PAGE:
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Surg Obes Relat Dis. 2014 May-Jun;10(3):547-52. doi: 10.1016/j.soard.2013.09.014. Epub 2013 Sep 30.

Predictors of bariatric surgery among an interested population.

Author information

  • 1Division of General Internal Medicine, University of Cincinnati Medical Center, Cincinnati, Ohio. Electronic address:
  • 2Group Health Center for Health Studies, Seattle, Washington.
  • 3Division of General Internal Medicine, University of Cincinnati Medical Center, Cincinnati, Ohio.
  • 4Division of General Internal Medicine, University of Cincinnati Medical Center, Cincinnati, Ohio; Miami University, Oxford, Ohio.
  • 5Division of General Surgery, University of Cincinnati Medical Center, Cincinnati, Ohio.



Severely obese patients considering bariatric surgery face a difficult decision given the tradeoff between the benefits and risks of surgery. The objectives of this study was to study the forces driving this decision and improve our understanding of the decision-making process.


A 64-item survey was developed to assess factors in the decision-making process for bariatric surgery. The survey included the decisional conflict scale, decision self-efficacy scale, EuroQol 5D, and the standard gamble. Patients were recruited from a regularly scheduled bariatric surgery interest group meeting associated with a large, university-based bariatric practice and administered a survey at the conclusion of the interest group. Logistic regression models were used to predict who pursued or still planned to pursue surgery at 12 months.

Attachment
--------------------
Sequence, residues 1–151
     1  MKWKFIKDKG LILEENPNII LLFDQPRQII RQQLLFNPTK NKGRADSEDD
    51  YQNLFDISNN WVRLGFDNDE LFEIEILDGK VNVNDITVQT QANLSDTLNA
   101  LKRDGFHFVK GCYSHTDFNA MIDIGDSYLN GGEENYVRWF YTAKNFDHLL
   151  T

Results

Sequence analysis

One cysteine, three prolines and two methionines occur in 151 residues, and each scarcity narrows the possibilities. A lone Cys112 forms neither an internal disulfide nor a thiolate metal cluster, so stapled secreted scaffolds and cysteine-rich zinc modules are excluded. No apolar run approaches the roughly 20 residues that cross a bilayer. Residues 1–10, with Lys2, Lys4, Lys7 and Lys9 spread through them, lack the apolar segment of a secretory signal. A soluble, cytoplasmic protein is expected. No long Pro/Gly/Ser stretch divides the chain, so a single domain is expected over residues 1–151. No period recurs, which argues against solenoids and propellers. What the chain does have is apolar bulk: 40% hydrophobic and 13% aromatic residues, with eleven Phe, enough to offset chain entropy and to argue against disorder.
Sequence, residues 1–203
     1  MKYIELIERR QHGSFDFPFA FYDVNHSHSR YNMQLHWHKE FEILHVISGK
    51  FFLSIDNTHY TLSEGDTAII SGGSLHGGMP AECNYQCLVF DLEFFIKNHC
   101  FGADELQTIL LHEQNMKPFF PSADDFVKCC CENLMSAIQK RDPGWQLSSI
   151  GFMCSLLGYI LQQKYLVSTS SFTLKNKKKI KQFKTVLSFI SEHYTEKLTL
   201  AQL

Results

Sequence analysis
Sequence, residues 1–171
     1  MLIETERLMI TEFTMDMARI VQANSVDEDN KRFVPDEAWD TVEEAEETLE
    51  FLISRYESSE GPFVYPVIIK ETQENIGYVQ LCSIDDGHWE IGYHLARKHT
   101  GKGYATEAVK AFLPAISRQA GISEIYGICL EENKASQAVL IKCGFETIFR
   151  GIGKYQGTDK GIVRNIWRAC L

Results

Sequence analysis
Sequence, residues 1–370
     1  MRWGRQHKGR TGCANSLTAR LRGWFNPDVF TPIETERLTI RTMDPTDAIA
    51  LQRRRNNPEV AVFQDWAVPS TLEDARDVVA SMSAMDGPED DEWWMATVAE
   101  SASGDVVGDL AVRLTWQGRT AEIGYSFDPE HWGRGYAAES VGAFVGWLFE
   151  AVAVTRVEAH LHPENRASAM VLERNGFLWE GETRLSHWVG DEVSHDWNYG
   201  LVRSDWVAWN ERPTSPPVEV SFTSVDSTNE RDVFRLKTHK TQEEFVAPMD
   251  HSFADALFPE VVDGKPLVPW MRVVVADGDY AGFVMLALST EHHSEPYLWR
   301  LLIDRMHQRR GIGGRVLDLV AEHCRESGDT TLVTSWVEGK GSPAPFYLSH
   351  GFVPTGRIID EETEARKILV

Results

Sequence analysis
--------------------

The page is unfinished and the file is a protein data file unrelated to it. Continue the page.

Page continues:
200 patients were recruited over an 8-month period. Mean age was 45 years; mean BMI was 48 kg/m(2), and 77% were female. The 12-month follow-up rate was 95%. At 12 months, 33 patients (17.6%) had surgery and 30 (16.0%) still planned to have surgery. There was no association between age, gender, or obesity-associated conditions and surgery or plan to have surgery. Patients having surgery or still planning to have surgery had significantly worse scores for quality of life and better scores for decisional conflict (indicating readiness to make a decision).


The decision to have bariatric surgery is strongly associated with patients' perceptions of their current quality of life. In addition, lower decisional conflict and higher self-efficacy are predictive of surgery. Interestingly, factors that clinicians might consider important, such as gender, age, and the presence of obesity-associated co-morbidities did not influence patients' decisions.

© 2013 American Society for Bariatric Surgery Published by American Society for Metabolic and Bariatric Surgery All rights reserved.


Bariatric surgery; Decisions; Quality of life

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